Powermonger (Electronic Arts) Review | Zzap - Everygamegoing

Zzap


Powermonger
By Electronic Arts
Amiga 500

 
Published in Zzap #70

Powermonger

The sequel to the enormously successful Populous, Powermonger was actually conceived during the development for Populous and has many similarities in graphic viewpoint as well as the control system. The suitably power-mad plot concerns your arrival in a new land ruled by various tinpot leaders. Since you were a king in your old realm, you decide to show these leaders what war is in a merciless drive for conquest.

The world of Powermonger is composed of a whopping great map divided up into 195 different territories. You start at the top, left-hand corner of the map, working your way down until you reach the most difficult territory positioned in the bottom, right-hand corner.

To gain control of each territory you must bring two thirds of that territory's population under your control. You do this by roaming over the territory's habitable areas conquering armies, village populations, etc. With each conquest a small set of scales will tip in your direction indicating the percentage gain towards victory.

Combat is an automatic affair. You just click on the "attack" icon, point to the desired spot and watch your army launch an offensive. If you win, food can be taken from village stores and surrounding livestock. Any villagers who have not been slain are recruited to the cause. If a village has a workshop new weapons can be invented and constructed via the 'invention' icon. In this way, you can steadily upgrade from pikes to cannons. Inventing takes advantage of the surrounding natural resources. So if your men invent pikes you will notice them chopping numerous trees down. Metallic weapons will need the assistance of a nearby ore mine.

In all actions, your posture will be the most important variable. So in combat, an aggressive posture will, more than likely, result in all of the defenders being put to the sword while a passive posture will spare as many as possible. Similarly, you have the option to trade with a village rather than attack it. Settlements will trade items for food. Here, an aggressive captain will trade a cannon before a passive captain will, for example.

Apart from the original captain that you start the game with, you also have the option of utilising any of the defeated captains that decide to defect to your site. Each captain is rated for strength (or life force), the amount of men under his command and the amount of food carried. A status box can be accessed which displays further captain stats such as aggression level and speed.

The Powermonger perspective is an improvement on the novel Populous 3D. Now you can rotate the view, as well as zooming in/out. Powermonger also boasts weather - rain and snow come and go with the seasons. Rain will affect the speed of your marching soldiers and, of course, food will be hard to come by in winter.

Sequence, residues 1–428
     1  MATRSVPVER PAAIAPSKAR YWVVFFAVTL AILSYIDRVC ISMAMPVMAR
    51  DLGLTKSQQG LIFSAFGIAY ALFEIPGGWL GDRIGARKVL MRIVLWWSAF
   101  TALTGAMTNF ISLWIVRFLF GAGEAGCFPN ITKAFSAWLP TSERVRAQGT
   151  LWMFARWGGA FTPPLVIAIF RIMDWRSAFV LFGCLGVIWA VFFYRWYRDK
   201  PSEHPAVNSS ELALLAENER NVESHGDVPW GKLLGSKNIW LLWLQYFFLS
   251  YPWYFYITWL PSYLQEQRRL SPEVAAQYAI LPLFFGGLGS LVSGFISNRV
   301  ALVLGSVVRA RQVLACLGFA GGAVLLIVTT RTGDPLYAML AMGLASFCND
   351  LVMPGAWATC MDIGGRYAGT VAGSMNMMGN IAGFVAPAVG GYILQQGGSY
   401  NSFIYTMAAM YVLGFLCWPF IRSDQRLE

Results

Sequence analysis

Powermonger is a very addictive game to play. Graphically and aurally it is excellent. For example, you will see and hear tiny sheep grazing and bleating. Your men may disturb a flock of birds as they trudge through the landscape whereupon you'll see and hear the birds as they rise into the sky (their shadows receding on the ground). However, I do have one or two reservations. Firstly, considering Powermonger is a wargame there is a dearth of tactical play. I can understand Bullfrog wanting to appeal to a wider audience than the normal wargame specialists, but just to have your men fall upon every settlement as a rowdy mob is stretching things a bit far. The only essential tactical combat variables tend to be weapons and the numbers of soldiers involved. Even a few simple, tactical formations would have been handy (and more believable).

In addition, I considered the reports to be lacking in certain areas. For example, if I asked my men to invent something why didn't they report back to tell me that they had just invented 'X'? The only way I could analyze this information was by clicking on individuals or the workshop itself to see what each man was carrying or what stock the workshop contained. Even then I was confused as to exactly what had been invented in the first place.

Powermonger is a very good game that has immense value for money and many unique and well-designed features (such as the seasonal changes). However, the niggly aspects take some shine off of what could, and should, have been a Sizzler.